Plans and reviews the content of LPSS News, the semi-annual section newsletter. Establishes newsletter policies, solicits/submits articles, reviews and other pertinent information of interest to section members, and assists the editor in the production of the newsletter. Oversees the content and production of the LPSS website. Assists the LPSS webmaster in the production of the LPSS website. 

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Online Doc Social Media Best Practices for Libraries and Reader’s Advisory - Created by Dodie Ownes

by Neal Wyatt on Wed, May 20, 2015 at 12:18 pm
in RUSA CODES Readers' Advisory Research and Trends Committee

Social Media Best Practices for Libraries and Reader’s Advisory by Dodie Ownes

Social Media Best Practices for Libraries and Reader’s Advisory by Dodie Ownes

A recent study states that one quarter of the world’s population uses social media. This means that 1,730,000,000 people are posting, pinning, tweeting, vining and instagraming. Every 60 seconds 4.7 million posts are uploaded to Tumblr; 277,000 snaps are shared on Snapchat; and more than five million videos are viewed on YouTube.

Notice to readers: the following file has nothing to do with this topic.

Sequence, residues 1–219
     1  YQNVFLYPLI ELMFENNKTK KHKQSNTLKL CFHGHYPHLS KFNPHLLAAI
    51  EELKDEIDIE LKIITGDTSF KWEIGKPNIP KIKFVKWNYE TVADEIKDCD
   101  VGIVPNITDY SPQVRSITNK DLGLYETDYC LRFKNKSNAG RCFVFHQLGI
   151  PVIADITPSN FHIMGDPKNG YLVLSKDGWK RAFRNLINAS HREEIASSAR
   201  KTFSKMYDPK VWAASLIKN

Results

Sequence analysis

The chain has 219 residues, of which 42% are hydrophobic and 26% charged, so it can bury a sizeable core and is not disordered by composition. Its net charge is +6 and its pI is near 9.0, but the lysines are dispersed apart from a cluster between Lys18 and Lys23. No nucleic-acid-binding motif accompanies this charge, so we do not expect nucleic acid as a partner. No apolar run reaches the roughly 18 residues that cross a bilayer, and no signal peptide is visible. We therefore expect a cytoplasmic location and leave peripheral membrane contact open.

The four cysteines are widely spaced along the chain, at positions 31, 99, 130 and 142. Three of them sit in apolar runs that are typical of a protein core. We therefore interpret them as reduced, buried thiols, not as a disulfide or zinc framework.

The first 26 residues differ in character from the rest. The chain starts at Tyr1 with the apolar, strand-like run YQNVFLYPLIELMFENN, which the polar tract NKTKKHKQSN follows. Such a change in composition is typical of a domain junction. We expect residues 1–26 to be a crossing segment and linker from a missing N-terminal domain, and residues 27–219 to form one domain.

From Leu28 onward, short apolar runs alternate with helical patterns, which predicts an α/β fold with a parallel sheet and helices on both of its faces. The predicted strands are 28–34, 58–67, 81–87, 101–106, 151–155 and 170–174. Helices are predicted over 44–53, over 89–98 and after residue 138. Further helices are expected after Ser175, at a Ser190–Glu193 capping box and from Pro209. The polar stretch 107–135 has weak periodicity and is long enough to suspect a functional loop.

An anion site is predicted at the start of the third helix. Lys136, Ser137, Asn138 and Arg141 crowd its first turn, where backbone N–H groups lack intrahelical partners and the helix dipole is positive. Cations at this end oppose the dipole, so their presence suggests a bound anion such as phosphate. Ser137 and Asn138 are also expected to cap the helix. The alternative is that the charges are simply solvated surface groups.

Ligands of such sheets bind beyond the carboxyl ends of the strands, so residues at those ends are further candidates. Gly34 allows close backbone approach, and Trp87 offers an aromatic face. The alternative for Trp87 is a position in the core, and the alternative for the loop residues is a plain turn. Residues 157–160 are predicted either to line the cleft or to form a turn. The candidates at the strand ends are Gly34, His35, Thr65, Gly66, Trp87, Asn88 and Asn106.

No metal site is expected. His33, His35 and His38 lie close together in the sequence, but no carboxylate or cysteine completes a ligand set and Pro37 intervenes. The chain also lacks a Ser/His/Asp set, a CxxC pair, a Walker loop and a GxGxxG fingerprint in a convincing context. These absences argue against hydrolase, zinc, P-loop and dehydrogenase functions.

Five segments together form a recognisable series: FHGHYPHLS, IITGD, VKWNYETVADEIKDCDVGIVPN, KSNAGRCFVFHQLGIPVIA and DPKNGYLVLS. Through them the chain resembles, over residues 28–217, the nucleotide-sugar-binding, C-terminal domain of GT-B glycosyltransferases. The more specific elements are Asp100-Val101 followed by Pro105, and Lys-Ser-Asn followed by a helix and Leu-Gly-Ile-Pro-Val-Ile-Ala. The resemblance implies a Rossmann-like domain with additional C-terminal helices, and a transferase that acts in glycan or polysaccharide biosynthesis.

Not only is the age of the big smartphone here, but more people simply are spending more time on mobile. In the U.S., carriers' shelf-space for devices with 4.7-inch or larger screen displays increased from 4 percent to about a third in 2014 alone, matching a sales growth - larger-screen phones now account for more than one-quarter of all sales, according to NPD Group.

Millennials' smartphones never leave their side, day or night. And Facebook's most recent earnings report this week showed that while overall daily active users grew 8 percent in 2014, mobile daily active users grew 15 percent and mobile-only daily active users grew 34 percent. Where Facebook leads, others follow.